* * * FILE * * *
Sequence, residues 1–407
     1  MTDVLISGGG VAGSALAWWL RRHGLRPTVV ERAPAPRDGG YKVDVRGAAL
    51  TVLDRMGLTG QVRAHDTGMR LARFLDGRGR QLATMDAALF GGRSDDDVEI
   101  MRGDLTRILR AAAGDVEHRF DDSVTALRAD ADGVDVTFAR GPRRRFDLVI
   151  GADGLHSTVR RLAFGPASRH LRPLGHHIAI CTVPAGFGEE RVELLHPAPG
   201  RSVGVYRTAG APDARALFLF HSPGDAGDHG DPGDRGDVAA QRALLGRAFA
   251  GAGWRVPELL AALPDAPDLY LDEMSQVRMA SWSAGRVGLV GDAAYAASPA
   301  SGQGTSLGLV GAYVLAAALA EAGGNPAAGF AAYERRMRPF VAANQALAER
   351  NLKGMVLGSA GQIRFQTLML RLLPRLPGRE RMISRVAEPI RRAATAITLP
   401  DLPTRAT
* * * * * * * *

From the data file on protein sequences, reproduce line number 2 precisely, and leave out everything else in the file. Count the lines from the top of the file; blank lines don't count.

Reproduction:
     1  MTDVLISGGG VAGSALAWWL RRHGLRPTVV ERAPAPRDGG YKVDVRGAAL